Amoro is a Lakehouse management system built on open data lake formats. Working with compute engines including Flink, Spark, and Trino, Amoro brings pluggable and self-managed features for Lakehouse to provide out-of-the-box data warehouse experience, and helps data platforms or products easily build infra-decoupled, stream-and-batch-fused and lake-native architecture.
The architecture of Amoro is as follows:
The core components of Amoro include:
- AMS: Amoro Management Service provides Lakehouse management features, like self-optimizing, data expiration, etc. It also provides a unified catalog service for all computing engines, which can also be combined with existing metadata services.
- Plugins: Amoro provides a wide selection of external plugins to meet different scenarios.
- Optimizers: The self-optimizing execution engine plugin asynchronously performs merging, sorting, deduplication, layout optimization, and other operations on all type table format tables.
- Terminal: SQL command-line tools, provide various implementations like local Spark and Kyuubi.
- LogStore: Provide millisecond to second level SLAs for real-time data processing based on message queues like Kafka and Pulsar.
Supported table formats
Amoro can manage tables of different table formats, similar to how MySQL/ClickHouse can choose different storage engines. Amoro meets diverse user needs by using different table formats. Currently, Amoro supports three table formats:
- Iceberg format: means using the native table format of the Apache Iceberg, which has all the features and characteristics of Iceberg.
- Mixed-Iceberg format: built on top of Iceberg format, which can accelerate data processing using LogStore and provides more efficient query performance and streaming read capability in CDC scenarios.
- Mixed-Hive format: has the same features as the Mixed-Iceberg tables but is compatible with a Hive table. Support upgrading Hive tables to Mixed-Hive tables, and allow Hive’s native read and write methods after upgrading.
Iceberg format tables use the engine integration method provided by the Iceberg community. For details, please refer to: Iceberg Docs.
Amoro support multiple processing engines for Mixed format as below:
|Processing Engine||Version||Batch Read||Batch Write||Batch Overwrite||Streaming Read||Streaming Write||Create Table||Alter Table|
|Flink||1.12.x, 1.14.x and 1.15.x||✔||✔||✖||✔||✔||✔||✖|
|Spark||3.1, 3.2, 3.3||✔||✔||✔||✖||✖||✔||✔|
Self-managed streaming Lakehouse
Amoro makes it easier for users to handle the challenges of writing to a real-time data lake, such as ingesting append-only event logs or CDC data from databases. In these scenarios, the rapid increase of fragment and redundant files cannot be ignored. To address this issue, Amoro provides a pluggable streaming data self-optimizing mechanism that automatically compacts fragment files and removes expired data, ensuring high-quality table queries while reducing system costs.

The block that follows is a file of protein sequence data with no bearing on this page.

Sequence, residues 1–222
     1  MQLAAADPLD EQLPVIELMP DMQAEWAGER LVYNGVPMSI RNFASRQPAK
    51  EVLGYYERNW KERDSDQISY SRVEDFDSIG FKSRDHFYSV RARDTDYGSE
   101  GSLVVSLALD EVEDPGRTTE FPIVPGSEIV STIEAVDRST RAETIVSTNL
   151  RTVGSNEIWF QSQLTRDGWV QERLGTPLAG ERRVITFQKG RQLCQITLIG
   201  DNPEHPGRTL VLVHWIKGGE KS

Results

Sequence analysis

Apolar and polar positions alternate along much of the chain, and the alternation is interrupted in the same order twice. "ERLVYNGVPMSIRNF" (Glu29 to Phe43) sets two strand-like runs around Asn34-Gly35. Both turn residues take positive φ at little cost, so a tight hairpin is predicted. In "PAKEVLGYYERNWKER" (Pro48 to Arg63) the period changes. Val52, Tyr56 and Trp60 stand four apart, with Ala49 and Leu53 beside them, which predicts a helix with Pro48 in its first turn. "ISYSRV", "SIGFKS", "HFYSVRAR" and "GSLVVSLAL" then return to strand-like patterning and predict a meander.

Stream-and-batch-fused data pipeline
Whether in the AI or BI business field , the requirement for real-time analysis is becoming increasingly high. The traditional approach of using one streaming job to complete all data processing from the source to the end is no longer applicable. There is an increasing demand for layered construction of streaming data pipeline, and the traditional layered construction approach based on message queues can cause a inconsistency problem between the streaming and batch data processing. Building a unified stream-and-batch-fused pipeline based on new data lake formats is the future direction for solving these problems. Amoro fully leverages the characteristics of the new data lake table formats about unified streaming and batch processing, not only ensuring the quality of data in the streaming pileline but also enhancing critical features such as incremental reading for CDC data and streaming dimension table association, helping users to build a stream-and-batch-fused data pipeline.
Currently, most data platforms and products are tightly coupled with their underlying infrastructure(such as the storage layer). The migration of infrastructure, such as switching to cloud-native OSS, may require extensive adaptation efforts or even be impossible. However, Amoro provides an infra-decoupled, lake-native architecture built on top of the infrastructure. This allows products based on Amoro to interact with the underlying infrastructure through a unified interface (Amoro Catalog service), protecting upper-layer products from the impact of infrastructure switch.